The growth of regionalism outside of Asia and the failure of the WTO meeting in Seattle have encouraged Asian countries to take a second look at regional economic integration schemes. The old East Asian Economic Caucus idea has been revived recently as the East Asian Free Trade Area. In Japan, the Ministry of International Trade and Industry is actively studying the possibility of free trade areas involving Japan, South Korea, Singapore, and possibly even China and others. The South Korean government, too, has been studying the possible free trade areas bilaterally or trilaterally with China and Japan. The problem, of course, is agriculture. Because of its inefficiency in agriculture Japan is constrained to look to partners which either do not have an agricultural sector (Singapore) or have similarly inefficient agricultural sectors (South Korea). Japan's search for regional alternatives to the multilateral system is hamstrung by its own agricultural policy. The same holds for South Korea.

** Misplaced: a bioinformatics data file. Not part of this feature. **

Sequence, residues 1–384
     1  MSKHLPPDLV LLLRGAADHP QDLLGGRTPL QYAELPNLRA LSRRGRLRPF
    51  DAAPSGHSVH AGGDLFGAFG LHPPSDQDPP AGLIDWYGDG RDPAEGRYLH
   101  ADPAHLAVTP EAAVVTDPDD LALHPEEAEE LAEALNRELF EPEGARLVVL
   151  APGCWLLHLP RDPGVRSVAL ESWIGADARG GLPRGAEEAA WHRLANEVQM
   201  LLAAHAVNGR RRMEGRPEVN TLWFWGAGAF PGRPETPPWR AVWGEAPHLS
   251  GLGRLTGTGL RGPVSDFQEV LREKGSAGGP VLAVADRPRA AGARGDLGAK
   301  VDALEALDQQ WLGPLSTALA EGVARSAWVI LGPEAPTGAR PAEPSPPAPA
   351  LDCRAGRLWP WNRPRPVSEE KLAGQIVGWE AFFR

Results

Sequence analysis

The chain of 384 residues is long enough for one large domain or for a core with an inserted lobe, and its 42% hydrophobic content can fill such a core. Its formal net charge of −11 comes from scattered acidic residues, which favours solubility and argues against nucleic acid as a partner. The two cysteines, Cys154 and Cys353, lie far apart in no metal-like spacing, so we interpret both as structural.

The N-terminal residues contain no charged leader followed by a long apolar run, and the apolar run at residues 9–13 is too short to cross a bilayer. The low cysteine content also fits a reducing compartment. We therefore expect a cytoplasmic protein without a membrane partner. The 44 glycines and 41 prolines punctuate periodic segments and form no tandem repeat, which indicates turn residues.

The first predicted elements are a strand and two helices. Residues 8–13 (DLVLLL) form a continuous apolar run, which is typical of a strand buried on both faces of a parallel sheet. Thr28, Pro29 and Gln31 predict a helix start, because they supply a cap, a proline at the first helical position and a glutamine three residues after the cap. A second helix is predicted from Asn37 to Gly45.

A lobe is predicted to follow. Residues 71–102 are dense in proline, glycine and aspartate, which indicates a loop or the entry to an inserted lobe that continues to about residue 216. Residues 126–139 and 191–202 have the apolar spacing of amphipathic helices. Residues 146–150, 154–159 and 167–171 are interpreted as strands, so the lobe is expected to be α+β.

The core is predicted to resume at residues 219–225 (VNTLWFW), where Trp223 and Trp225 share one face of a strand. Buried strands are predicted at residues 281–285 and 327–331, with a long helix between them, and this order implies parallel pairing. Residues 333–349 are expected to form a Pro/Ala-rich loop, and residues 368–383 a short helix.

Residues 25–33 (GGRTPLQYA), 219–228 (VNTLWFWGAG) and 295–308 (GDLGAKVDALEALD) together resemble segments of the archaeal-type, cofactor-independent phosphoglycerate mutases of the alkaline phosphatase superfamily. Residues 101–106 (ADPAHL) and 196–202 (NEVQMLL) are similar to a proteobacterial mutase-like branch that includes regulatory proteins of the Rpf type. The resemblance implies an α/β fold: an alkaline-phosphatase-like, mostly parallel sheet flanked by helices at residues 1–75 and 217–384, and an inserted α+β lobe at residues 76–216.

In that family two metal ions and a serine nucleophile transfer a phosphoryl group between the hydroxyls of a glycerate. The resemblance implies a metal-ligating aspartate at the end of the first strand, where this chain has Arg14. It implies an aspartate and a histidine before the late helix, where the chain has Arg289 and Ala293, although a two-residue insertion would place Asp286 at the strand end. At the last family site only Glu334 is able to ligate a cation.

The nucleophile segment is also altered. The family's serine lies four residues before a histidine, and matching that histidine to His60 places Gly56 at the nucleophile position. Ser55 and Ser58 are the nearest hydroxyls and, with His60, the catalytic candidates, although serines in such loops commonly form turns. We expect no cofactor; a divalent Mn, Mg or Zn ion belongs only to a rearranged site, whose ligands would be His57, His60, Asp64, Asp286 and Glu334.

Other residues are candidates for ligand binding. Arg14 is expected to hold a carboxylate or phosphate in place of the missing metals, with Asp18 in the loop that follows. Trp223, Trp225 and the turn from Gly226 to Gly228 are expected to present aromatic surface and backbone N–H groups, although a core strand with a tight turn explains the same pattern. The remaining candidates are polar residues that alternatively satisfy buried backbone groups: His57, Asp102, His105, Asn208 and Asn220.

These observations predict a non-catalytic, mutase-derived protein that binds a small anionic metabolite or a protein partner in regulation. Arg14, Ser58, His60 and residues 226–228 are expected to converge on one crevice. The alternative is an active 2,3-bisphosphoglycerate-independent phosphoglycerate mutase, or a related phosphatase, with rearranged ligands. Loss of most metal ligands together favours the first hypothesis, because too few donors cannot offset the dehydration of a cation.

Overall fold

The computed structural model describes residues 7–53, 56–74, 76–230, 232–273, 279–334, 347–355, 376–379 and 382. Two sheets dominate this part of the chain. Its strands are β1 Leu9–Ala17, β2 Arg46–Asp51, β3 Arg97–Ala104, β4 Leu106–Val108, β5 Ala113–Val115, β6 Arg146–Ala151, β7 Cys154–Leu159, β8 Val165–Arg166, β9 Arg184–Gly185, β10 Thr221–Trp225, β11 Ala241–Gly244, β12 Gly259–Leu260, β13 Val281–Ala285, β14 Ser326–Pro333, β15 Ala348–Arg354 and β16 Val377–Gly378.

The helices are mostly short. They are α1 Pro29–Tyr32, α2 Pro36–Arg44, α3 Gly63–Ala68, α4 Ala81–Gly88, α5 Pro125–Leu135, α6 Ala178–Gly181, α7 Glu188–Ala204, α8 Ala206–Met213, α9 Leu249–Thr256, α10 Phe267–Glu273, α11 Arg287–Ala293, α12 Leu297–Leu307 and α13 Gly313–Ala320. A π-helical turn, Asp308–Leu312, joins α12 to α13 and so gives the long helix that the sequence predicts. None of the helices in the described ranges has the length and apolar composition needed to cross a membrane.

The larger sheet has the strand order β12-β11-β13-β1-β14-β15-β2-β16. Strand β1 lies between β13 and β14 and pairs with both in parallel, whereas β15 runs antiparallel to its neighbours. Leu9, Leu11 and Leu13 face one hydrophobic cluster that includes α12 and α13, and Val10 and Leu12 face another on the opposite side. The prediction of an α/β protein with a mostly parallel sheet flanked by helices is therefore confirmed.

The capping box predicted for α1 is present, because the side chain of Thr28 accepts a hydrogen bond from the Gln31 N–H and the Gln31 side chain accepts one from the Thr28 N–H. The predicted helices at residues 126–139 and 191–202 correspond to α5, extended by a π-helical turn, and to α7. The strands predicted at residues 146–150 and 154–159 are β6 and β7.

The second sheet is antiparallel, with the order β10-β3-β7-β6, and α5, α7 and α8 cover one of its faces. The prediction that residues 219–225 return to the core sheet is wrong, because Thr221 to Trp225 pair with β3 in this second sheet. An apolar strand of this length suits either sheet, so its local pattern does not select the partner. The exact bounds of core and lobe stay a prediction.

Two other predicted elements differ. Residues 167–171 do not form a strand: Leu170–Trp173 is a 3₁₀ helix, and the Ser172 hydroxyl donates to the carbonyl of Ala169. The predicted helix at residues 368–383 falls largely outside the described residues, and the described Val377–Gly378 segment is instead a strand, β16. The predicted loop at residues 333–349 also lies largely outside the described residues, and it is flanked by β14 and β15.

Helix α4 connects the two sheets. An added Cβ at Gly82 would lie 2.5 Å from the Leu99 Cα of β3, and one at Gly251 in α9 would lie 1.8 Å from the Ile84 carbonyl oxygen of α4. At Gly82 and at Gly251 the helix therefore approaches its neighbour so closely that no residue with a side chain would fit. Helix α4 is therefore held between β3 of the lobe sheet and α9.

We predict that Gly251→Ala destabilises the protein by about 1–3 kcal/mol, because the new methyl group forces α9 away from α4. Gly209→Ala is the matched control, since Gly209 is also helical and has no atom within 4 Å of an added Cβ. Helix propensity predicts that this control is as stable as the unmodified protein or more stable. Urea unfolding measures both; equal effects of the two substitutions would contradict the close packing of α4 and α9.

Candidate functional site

International Financial Policy
The other important dimension of trans-Pacific economic relations is financial, and a similar set of themes: disagreement over substantive and key leadership issues and a possible Asian desire to go their own way reoccurs. The focal points have been Asian dissatisfaction with the performance of the US government and the Washington-based International Monetary Fund (IMF) during the Asian financial crisis, subsequent debates over reform of the international financial architecture, and proposals for regional initiatives that could run counter to policy emanating from "Washington."15